• Understanding Research: Causation

    by Cian O'Brien. Last modified: 27/04/14

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    The aim of epidemiology is to assess the cause of disease. However, since most of epidemiological studies are by nature observation rather than experimental, a number of possible explanations for an observed association need to be considered before you can infer cause-effect relationship

    The observed association may be because of:

    • Chance (random error)
    • Bias (systematic error)
    • Confounding

    An observed statistical association between a risk factor and a disease does not necessarily lead to a causal relationship. The absence of an association does not necessarily imply absence of a causal relationship.

    Bradford-Hill Criteria

    Assess whether an observed association is likely to be causal

    1. Strength of the association – the stronger the association between a risk factor and outcome, the more likely the relationship is to be causal
    2. Consistency of findings – have the same findings been observed among different populations, in different study designs and different times?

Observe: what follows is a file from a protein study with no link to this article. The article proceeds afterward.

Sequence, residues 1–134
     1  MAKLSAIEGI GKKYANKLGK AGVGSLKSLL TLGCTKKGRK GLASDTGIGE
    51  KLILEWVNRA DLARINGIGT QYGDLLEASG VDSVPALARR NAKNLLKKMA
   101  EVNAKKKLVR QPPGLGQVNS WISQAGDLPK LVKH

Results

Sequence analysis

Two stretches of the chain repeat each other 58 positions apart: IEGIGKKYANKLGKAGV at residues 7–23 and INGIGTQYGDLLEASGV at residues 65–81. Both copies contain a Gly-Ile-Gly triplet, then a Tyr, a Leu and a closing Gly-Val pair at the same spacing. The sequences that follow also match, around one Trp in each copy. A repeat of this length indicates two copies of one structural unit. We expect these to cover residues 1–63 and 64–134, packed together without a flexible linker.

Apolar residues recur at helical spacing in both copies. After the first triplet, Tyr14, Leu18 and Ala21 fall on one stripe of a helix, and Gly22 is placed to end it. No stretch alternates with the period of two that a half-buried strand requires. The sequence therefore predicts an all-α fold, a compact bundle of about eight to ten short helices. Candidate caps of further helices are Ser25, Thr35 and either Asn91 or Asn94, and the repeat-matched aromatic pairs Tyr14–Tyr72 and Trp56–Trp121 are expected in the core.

3. Specificity of the association – there must be a one to one relationship between cause and outcome
    4. Temporal sequence of association – exposure must precede outcome
    5. Biological gradient – change in disease rates should follow from corresponding changes in exposure (dose-response)
    6. Biological plausibility – presence of a potential biological mechanism
    7. Coherence – does the relationship agree with the current knowledge of the natural history/biology of the disease
    8. Experiment – does the removal of the exposure alter the frequency of the outcome?
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    Cian O'Brien

    Cian O'Brien

    Cian is an Irish trained Emergency Medical Technician, Registered General Nurse and holds a Masters degree in Public Health from University College Cork, Ireland. His research interests include prehospital care and marathon medicine.

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